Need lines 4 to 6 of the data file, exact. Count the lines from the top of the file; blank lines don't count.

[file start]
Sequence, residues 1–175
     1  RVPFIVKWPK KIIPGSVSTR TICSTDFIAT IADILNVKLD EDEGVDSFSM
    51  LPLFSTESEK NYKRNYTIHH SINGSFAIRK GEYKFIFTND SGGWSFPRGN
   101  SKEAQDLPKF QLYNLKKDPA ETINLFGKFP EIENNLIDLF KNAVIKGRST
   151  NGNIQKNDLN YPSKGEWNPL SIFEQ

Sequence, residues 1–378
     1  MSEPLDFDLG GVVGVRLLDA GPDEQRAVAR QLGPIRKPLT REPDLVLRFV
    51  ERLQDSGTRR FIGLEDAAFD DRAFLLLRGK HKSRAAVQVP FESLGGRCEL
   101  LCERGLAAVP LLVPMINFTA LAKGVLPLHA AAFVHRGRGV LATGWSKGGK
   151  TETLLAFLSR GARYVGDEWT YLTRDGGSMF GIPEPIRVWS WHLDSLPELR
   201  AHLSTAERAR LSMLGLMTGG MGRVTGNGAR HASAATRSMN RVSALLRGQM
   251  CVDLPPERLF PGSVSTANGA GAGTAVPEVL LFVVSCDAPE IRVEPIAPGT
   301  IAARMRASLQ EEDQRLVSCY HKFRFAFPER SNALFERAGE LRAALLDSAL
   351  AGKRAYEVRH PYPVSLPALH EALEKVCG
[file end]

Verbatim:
   101  SKEAQDLPKF QLYNLKKDPA ETINLFGKFP EIENNLIDLF KNAVIKGRST
   151  NGNIQKNDLN YPSKGEWNPL SIFEQ

Sequence, residues 1–378